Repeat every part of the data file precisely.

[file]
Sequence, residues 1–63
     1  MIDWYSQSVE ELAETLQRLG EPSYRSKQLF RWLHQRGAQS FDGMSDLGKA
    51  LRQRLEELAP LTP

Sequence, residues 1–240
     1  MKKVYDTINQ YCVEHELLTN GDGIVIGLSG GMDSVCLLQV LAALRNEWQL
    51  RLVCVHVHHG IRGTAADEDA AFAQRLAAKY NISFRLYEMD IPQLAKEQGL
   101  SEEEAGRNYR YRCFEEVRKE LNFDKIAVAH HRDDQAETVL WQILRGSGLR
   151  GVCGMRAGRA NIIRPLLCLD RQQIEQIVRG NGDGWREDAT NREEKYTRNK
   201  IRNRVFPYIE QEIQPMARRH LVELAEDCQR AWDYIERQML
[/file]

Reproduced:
Sequence, residues 1–63
     1  MIDWYSQSVE ELAETLQRLG EPSYRSKQLF RWLHQRGAQS FDGMSDLGKA
    51  LRQRLEELAP LTP

Sequence, residues 1–240
     1  MKKVYDTINQ YCVEHELLTN GDGIVIGLSG GMDSVCLLQV LAALRNEWQL
    51  RLVCVHVHHG IRGTAADEDA AFAQRLAAKY NISFRLYEMD IPQLAKEQGL
   101  SEEEAGRNYR YRCFEEVRKE LNFDKIAVAH HRDDQAETVL WQILRGSGLR
   151  GVCGMRAGRA NIIRPLLCLD RQQIEQIVRG NGDGWREDAT NREEKYTRNK
   201  IRNRVFPYIE QEIQPMARRH LVELAEDCQR AWDYIERQML